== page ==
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Days Of Eight

LoseFatNotFaith's picture

Today's Run: 4.03m
Run Time: 43:47 (10:52 minutes per mile)
Total Miles to Date: 633.5

Thoughts on the Run:

So I'm driving home, stuck in traffic. The digital thermometer in my Honda Civic EX reads 106 degrees Fahrenheit (41 degrees Celsius). The car is straining to cool the interior and I'm watching the temperature gauge for the engine closely, because the traffic isn't moving. Wading my way through rush hour traffic gives me a moment to contemplate my run. Once again I've opted for sleep in the morning. As fate would have it, I'm heading home early and have a chance to run while it's still light outside.

I think about procrastinating and waiting until evening. The excuse of cooler temperatures won't hold because this heat is something so thick the ground seems to cling to it without letting go, even as darkness falls. But I also know the night brings another unpleasant surprise, one that I'm not sure I care to face. In this heat, it's now the days of eight ... eight-legged creatures that seem to thrive in the warmer temperatures. The spiders are out, and they are dangling from every tree and branch. In previous runs I was amazed to see thin threads that stretched the full width of the road and tiny blots in the distance as they dropped one after another from the branches onto the sidewalk with their silk bungee cords.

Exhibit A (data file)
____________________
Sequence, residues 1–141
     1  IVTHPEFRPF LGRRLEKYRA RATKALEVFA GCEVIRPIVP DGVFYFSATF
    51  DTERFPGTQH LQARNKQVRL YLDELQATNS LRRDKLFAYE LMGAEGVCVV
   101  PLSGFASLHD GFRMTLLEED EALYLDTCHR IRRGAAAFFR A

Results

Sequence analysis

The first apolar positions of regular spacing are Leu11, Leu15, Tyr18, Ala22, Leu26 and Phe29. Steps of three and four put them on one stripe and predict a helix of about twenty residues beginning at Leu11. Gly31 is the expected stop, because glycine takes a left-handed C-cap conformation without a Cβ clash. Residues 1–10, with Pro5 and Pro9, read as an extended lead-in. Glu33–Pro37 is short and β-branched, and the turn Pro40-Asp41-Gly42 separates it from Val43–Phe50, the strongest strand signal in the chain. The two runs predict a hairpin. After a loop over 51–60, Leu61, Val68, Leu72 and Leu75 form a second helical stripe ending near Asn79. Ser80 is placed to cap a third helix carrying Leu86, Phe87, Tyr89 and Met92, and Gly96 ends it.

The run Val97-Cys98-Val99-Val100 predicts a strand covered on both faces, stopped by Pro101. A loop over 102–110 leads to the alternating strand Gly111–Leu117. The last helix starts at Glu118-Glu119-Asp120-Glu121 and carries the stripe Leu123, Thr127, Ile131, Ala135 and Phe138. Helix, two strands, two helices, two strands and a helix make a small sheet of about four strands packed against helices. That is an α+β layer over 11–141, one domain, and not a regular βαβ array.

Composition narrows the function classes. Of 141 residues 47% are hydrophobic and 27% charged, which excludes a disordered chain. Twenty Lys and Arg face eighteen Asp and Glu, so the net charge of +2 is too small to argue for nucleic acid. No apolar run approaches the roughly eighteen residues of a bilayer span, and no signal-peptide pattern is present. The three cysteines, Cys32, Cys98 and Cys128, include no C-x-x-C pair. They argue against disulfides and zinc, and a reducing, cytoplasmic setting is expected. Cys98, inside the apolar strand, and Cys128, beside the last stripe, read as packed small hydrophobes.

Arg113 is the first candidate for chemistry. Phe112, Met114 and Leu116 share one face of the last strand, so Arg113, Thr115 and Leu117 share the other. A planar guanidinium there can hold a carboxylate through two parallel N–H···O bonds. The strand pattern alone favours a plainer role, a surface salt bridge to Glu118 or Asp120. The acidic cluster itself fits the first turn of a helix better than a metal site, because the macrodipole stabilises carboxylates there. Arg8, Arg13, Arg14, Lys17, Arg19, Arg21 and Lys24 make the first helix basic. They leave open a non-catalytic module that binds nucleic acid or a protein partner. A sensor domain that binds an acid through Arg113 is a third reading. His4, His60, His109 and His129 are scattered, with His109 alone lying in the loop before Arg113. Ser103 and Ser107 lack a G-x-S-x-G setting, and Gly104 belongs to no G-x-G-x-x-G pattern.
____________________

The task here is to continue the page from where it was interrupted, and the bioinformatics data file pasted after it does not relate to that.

The only problem is that I usually end up catching those threads on my face. They make a sickening tearing sound when you run through them, followed by that prickling sensation of little legs crawling over my scalp. No thanks. I'll take the daylight.

I decide to get it over and done with. I chug down some water, mix a sports drink that is loaded with carbohydrates, healthy fats, and sodium, then set out. As usual, my legs feel like lead as I pound up the initial stretch. The heat doesn't seem bad but my legs ache. I know from experience that I just need to get through the "warm-up" period ... in this heat, it shouldn't take long.

Soon I am plodding along at a steady pace. I take frequent sips from my bottles. I've learned that instead of chugging down gulps at intervals, it's best just to take frequent sips. I know how much I have ... so I should be about half empty at 2 miles, mostly empty at 3, done by the time I finish.

I make it 2 miles. The heat is now starting to penetrate my defenses and I stagger to a halt at the top of the hill. I walk briskly, trying to look like I have a higher purpose because there are tons of cars on the road and it's silly to be dressed like a runner only to stumble along the sidewalk. The metal pole that marks the halfway point gets a light tap but the victory is hollow. I turn around, look at the rows of car headlights reflecting the sunlight back in my face, then begin to run again.

I pick up a decent pace. I have an urge to run faster but this is the run I have marked "easy" on my calendar. Sure, I could push it, but then I have a tempo run tomorrow and I may risk cutting into my ability to finish that. So I take it easy.